What is the 'Cobra maneuver' that some fighters carry out and has never been carried out in combat due to its danger?

The Cobra maneuver It won't sound too familiar to those who aren't involved in the world of fighter jets or aerobatics, but many will have seen it on the movie screen without knowing what its name is. For example in Top Gun: Maverick the character played by Tom Cruise He carries it out in 3 moments of the film, a much more favorable environment than that of a real combat to dedicate himself to a movement as spectacular as it is dangerous for the pilot and the fighter who perform it.

It is also known as Pugachev cobrain reference to the Soviet pilot Viktor Pugachev who was the first to carry it out publicly at the 1989 Paris Air Show with a Sukhoi Su-27and with the more technical name of dynamic deceleration because of the way the plane loses speed during maneuver.

This aspect is what calls into question its effectiveness in a real combat environment, given that speed reduction increases the vulnerability of the pilot and the aircraft. It could have an application as an evasive maneuver in certain situations, causing the enemy fighter to overtake the one performing the Cobra maneuver, but this is left in a situation where he probably does not have enough power to carry out an effective counterattack. In any case, there is no evidence of its use in combat, but Yes, it has been carried out numerous times in air combat exhibitions and drills.

The maneuver consists of Raise the nose of the aircraft until it forms an angle of between 90 and 120°drastically reducing the speed in a few seconds, but without losing height or starting an ascentfollowed by a pitch forward back to the flight level from which you depart. If performed correctly, the airplane maintains an almost straight flight throughout the maneuver, without hardly changing the altitude. The plane does not turn or yaw in any direction. This greatly reduces the speed of the aircraft because the non-aerodynamic underside of the aircraft works against the airflow. The maneuver puts great stress on both the pilot and the fuselage..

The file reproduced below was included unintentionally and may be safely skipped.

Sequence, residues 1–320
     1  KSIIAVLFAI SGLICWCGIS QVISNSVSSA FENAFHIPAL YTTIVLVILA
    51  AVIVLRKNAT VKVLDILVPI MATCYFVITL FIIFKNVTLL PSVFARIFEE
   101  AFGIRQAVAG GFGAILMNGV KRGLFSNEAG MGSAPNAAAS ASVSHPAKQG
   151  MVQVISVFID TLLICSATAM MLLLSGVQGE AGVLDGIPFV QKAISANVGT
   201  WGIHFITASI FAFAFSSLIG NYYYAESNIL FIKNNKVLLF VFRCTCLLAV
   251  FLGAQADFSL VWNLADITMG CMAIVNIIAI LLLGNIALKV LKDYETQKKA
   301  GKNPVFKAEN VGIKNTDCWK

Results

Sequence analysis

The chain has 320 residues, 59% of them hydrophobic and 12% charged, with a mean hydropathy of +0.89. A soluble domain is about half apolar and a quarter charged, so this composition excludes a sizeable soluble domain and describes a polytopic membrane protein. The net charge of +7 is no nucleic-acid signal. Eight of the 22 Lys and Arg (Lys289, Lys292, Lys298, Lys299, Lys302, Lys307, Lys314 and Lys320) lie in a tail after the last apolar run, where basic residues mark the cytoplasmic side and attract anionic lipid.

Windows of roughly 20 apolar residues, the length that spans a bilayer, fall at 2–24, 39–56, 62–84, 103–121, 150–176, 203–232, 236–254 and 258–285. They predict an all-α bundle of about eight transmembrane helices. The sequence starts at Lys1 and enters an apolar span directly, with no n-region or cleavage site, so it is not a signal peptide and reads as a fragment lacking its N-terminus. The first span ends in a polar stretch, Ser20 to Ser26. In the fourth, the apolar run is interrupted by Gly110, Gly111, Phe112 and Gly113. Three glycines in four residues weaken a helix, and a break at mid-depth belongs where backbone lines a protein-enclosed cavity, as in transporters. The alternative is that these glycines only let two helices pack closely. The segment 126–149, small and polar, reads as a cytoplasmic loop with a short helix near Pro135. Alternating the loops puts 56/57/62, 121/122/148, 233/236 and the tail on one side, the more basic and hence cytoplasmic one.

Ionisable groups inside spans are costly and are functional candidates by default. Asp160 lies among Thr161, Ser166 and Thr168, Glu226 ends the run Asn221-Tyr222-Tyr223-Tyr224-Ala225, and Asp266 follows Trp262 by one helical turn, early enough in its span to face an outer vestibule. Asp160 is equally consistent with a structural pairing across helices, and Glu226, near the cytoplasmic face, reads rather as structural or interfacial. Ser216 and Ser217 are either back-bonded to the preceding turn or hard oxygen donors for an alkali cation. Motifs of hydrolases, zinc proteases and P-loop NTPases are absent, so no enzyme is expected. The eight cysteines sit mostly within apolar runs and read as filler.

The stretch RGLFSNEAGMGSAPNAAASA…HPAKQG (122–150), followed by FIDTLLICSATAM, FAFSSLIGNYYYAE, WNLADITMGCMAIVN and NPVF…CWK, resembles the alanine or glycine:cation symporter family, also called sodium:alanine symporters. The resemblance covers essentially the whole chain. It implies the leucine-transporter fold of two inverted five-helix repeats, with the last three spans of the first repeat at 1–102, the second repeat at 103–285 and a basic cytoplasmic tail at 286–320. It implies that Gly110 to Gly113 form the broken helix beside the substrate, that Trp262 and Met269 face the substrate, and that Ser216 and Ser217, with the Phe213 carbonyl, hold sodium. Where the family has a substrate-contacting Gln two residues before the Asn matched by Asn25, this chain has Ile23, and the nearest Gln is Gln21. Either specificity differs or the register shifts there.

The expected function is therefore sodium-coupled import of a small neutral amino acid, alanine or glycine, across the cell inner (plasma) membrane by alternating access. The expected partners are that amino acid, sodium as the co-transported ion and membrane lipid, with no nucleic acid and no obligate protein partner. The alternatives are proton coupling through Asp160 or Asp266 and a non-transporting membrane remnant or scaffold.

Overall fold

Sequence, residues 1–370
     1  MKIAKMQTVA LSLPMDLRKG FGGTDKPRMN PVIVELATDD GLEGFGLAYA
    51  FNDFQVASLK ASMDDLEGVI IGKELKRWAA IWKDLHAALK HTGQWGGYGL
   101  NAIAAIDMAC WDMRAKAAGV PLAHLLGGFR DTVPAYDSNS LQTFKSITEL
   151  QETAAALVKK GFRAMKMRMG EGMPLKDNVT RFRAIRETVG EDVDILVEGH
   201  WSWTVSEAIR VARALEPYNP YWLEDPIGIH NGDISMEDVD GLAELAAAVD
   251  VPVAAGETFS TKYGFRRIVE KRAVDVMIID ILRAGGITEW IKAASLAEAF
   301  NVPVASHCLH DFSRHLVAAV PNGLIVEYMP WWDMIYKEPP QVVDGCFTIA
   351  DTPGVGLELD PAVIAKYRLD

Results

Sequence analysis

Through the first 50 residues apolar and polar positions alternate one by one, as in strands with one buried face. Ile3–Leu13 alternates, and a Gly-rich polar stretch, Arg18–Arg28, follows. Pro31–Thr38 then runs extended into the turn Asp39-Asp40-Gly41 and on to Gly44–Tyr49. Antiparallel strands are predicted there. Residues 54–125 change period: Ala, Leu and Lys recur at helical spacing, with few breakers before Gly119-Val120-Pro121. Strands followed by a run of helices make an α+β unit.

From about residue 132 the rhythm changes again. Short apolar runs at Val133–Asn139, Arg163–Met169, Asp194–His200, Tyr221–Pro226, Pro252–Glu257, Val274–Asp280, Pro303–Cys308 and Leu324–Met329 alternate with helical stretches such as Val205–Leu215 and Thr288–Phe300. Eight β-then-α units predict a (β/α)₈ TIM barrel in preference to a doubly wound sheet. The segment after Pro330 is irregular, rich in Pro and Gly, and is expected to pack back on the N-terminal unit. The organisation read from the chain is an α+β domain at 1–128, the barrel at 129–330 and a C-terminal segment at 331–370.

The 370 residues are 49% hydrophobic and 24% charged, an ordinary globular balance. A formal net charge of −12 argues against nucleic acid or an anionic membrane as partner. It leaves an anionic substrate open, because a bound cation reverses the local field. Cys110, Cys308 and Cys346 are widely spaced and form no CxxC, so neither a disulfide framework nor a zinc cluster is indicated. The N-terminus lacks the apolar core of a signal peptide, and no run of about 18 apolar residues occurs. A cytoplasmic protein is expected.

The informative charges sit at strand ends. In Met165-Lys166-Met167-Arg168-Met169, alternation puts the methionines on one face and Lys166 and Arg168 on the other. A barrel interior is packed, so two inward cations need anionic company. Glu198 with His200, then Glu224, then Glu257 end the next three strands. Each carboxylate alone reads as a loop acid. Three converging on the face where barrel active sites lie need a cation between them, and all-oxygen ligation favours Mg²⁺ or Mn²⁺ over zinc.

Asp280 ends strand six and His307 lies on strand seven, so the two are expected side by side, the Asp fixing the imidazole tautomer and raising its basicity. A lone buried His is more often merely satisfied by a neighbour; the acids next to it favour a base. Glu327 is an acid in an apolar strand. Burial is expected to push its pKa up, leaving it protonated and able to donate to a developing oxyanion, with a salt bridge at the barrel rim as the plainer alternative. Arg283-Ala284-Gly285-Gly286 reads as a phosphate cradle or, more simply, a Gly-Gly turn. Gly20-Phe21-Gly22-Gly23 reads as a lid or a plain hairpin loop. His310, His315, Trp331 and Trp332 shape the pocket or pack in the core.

The movement made by the fighter, raising the nose and showing the lower part of the fuselage, in a similar way to what a cobra does in an attack attitudeis what has determined its name.

The maneuver must start from fairly high subsonic speeds. The correct entry speed is necessary because, if done too slowly, the airplane may not complete the entry or return to level flight with sufficient speed, while entering at too high a speed would create negative G-forces so high that the pilot would lose consciousness or the fuselage would be damaged. A lot of thrust is also needed throughout the maneuver to avoid stalling.

Not all fighters can perform this type of maneuver, which also requires a highly skilled pilot. A fighter with a high thrust control abilityto maintain altitude and control the aircraft while moving, high aerodynamic controlwith extremely effective ailerons, rudders and elevators to allow quick and precise changes, and vector thrustthe ability to change the thrust direction of the engine, although this last aspect is not applicable in all cases.

Swedish Saab 35 Draken.Air Force Museum / Lars Ekelund.Wikipedia.

Some fighters capable of performing the Cobra maneuver are the Sukhoi Su-27 and variants like Su-30, Su-35 and Su-37, the Mikoyan MiG-29, F-22 Raptor and Eurofighter Typhoon, among others. He too Saab 35 Draken Swedish, which was the first plane with which it was carried out. The technique, then known as “kort parad” (short stop), was developed by pilots Bengt Olow and Ceylon Utterborn in the early 60s.